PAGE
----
Did I tell you that Henry Poole has acquired a new suite of rooms behind No 15 Savile Row to convert into a fit-for-purpose archive room? We’ve been slowly but surely re-binding the 120 plus customer ledgers dating from 1846 and I’ve been writing brief lives of the great, good and downright scandalous Hall of Fame customers including the forty Kings, Emperors, Crown Princes, Grand Dukes and Shahs who gave Poole’s their Royal Warrant.
It has been rather a dream to have a dedicated archive room. Lest we forget, Poole’s is a business not a museum so finding a permanent home for the historic collection of papers and garments has been a bone of contention. At times I felt we were moving important pieces of the firm’s past from one dusty vault to another. Hopefully now the Turnbull & Asser book is all over bar the shouting, I can set to work on the Henry Poole Archive Room at the beginning of October. We should be ready to repel all boarders in time for London Collections: Men in January.
One of the deeply satisfying elements of my work with Poole’s is being given the opportunity to research periods in history that aren’t what you’d call my natural habitat apropos generals (the 1st Marquess of Anglesey), financiers (John Jacob Astor), cowboys (Buffalo Bill) and politicians (Prime Minister Disraeli).
Of course fine tailoring has always attracted flamboyant characters well within my radar such as Prince Felix Youssoupoff, Count Henri de Toulouse-Lautrec, Sir Henry Irving and Crown Prince Rudolph of Austria. It is also rather nice to have the opportunity to explore characters such as Sir Henry ‘Chips’ Channon, who have had walk-on parts in many of my books, in greater detail.
Chips Channon was a Chicago-born Anglophile who came-up from Christ Church, Oxford, in 1921 and became rather a social sensation in London where he shared a flat in Westminster with his friend Prince Paul of Yugoslavia. Chips was independently wealthy so didn’t need to work. He was also bisexual so was compelled to marry as he did in 1935 to Lord and Lady Iveagh’s daughter Lady Honor.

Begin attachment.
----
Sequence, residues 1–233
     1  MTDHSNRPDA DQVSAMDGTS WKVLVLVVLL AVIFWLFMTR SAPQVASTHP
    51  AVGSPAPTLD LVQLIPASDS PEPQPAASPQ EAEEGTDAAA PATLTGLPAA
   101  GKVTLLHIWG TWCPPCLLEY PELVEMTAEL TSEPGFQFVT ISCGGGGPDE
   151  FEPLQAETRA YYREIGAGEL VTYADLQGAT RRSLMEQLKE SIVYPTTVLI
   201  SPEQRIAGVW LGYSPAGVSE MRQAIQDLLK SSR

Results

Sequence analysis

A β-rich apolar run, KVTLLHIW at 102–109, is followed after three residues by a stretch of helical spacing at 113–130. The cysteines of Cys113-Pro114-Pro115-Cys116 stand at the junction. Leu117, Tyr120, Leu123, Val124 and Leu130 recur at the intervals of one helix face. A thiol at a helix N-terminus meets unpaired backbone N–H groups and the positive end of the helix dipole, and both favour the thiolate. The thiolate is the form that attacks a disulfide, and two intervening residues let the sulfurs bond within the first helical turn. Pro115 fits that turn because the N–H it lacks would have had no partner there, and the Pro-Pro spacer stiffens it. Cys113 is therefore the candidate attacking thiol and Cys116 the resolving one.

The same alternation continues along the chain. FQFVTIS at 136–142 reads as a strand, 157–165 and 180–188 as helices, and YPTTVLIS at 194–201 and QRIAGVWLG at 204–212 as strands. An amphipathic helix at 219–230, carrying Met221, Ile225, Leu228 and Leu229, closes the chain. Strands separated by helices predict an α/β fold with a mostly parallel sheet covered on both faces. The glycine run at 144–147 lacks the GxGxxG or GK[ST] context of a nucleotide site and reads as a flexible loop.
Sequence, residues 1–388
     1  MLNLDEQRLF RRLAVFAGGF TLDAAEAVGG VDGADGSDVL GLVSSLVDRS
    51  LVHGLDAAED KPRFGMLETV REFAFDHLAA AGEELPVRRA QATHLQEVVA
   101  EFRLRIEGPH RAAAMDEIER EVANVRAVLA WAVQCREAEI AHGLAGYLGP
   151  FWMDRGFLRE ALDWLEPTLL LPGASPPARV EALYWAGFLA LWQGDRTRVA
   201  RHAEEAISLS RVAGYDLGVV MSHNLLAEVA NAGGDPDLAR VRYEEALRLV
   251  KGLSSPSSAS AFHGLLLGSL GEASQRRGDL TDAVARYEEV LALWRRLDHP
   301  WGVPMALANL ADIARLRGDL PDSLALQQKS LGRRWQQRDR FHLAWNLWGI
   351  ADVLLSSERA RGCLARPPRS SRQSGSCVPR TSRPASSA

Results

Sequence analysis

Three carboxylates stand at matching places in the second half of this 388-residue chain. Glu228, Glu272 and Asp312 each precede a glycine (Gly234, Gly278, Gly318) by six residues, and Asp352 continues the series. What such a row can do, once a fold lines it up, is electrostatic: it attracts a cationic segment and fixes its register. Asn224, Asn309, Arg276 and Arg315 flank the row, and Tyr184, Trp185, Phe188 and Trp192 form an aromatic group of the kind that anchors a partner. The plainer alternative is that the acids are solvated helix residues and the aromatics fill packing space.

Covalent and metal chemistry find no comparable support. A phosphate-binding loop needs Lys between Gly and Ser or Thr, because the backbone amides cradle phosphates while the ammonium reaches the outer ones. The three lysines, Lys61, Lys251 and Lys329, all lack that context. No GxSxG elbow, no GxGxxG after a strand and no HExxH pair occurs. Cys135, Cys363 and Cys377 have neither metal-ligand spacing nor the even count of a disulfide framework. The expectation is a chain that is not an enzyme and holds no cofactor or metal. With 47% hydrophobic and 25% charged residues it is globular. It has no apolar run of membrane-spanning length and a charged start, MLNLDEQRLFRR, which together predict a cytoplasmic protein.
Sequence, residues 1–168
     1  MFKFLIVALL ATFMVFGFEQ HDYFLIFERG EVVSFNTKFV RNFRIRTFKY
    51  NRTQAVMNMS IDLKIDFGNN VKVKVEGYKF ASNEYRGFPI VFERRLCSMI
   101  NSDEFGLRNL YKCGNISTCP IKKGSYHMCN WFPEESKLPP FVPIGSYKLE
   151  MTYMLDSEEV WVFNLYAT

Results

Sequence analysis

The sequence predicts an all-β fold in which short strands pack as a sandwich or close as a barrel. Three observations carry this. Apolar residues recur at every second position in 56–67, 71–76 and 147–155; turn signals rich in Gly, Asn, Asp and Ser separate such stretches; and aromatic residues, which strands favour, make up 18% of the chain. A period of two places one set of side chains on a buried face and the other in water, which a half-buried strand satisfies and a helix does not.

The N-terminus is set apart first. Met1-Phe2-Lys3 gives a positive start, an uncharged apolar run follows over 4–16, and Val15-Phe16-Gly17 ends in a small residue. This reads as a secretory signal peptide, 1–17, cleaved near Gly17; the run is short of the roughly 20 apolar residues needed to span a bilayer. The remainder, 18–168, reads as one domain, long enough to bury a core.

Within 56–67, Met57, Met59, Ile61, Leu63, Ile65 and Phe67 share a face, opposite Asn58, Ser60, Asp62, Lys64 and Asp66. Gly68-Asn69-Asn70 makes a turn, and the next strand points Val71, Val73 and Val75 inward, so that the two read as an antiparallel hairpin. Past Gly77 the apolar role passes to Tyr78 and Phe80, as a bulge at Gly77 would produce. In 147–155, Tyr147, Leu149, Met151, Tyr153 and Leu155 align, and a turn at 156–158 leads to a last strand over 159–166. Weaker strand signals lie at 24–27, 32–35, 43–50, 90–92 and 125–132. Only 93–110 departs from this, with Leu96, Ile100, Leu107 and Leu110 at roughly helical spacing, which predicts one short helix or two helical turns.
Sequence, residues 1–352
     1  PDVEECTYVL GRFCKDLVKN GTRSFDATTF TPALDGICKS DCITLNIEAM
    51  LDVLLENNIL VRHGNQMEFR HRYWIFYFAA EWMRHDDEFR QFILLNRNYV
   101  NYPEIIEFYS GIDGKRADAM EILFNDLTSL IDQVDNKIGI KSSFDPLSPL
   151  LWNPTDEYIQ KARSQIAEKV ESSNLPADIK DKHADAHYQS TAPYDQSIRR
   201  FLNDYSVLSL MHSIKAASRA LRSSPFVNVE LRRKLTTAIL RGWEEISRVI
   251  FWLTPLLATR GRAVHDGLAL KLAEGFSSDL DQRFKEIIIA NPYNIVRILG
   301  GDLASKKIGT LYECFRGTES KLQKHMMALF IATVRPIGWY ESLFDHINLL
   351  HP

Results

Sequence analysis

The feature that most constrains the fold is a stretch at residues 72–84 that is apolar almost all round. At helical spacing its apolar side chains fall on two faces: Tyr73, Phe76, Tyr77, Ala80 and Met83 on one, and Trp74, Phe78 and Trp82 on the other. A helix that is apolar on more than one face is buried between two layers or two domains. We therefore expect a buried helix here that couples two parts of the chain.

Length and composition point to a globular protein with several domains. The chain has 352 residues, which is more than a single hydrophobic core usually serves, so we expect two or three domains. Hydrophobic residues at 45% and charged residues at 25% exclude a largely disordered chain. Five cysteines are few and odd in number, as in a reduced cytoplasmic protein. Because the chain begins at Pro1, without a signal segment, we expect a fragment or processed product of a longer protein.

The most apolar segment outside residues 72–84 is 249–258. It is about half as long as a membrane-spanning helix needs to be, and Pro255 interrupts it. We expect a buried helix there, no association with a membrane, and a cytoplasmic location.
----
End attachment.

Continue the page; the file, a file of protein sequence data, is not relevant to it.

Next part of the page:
The Channons set-up home at No 5 Belgrave Square next door to the Duke and Duchess of Kent (King George Vs fourth son and his Greek bride Princess Marina). He installed a rococo fairytale dining room in Belgrave Square, decorated in blue and silver, in homage to a hunting pavilion in the grounds of the Nymphenburg Palace in Munich.
The Prince of Wales came into Channon’s orbit with an introduction from his brother Prince George of Kent. Belgrave Square became a discreet hideaway for the heir to the throne and his mistress the twice-married American Wallis Simpson. They made for rather a rackety set with rumours circulating that Chips had liaisons with George Kent and playwright Terence Rattigan.
When the prince became King Edward VIII in 1936, Chips Channon was poised to become a leading light in the new court. Perhaps he had hopes of an appointment to the Royal Household. As we all know, within the year the king abdicated and his social set were ostracised. The fact that, like King Edward VIII, Chips was pro-Nazi appeasement made him even more of a pariah when war was declared.
Chips Channon could have been a mere footnote in history was it not for the daily diaries he kept from 1918 until his death in 1958. Chips was a caustic, nay forensic, observer of high society in London. Channon placed an embargo on his diaries until fifty years after his death but an edited volume was released in 1967 that proved he had a tongue with a tang.
Though Channon was catty, he redeemed himself by turning his critical antennae on his own complicated character. The following is Chips Channon’s verdict on himself and it resonates down the decades with me.
‘Sometimes I think I have an unusual character – able but trivial; I have flair, intuition, great good taste but only second rate ambition: I am far too susceptible to flattery; I hate and am uninterested in all the things most men like such as sports, business, statistics, debates, speeches, war, and the weather; but I am riveted by lust, furniture, glamour and society and jewels. I am an excellent organiser and have a will of iron; I can only be appealed to through my vanity. Occasionally I must have solitude: my soul craves for it. All thought is done in solitude; only then am I partly happy’.
Describing himself as ‘riveted by lust’ is example enough of Channon’s honeyed way with words. Roll on 2018 I say when the diary embargo is lifted and we get to read Chips Channon’s unexpurgated acid drops. Now as you know I’ve had a couple of cracks at sketching-out the first chapters of several novels. One was a very thinly veiled homage to E. F. Benson’s Mapp & Lucia novels. Worse, another was semi-autobiographical. I was going to call it My Life is Based on a True Story.
I won’t rule out another attempt to commit novels but do think my talents might lie in being a diarist in the spirit of Chips Channon. I can’t touch my heroes E. M. Forster, E. F. Benson, Nancy Mitford, Evelyn Waugh and Noël Coward. But I do think I write a mean letter. Until next time…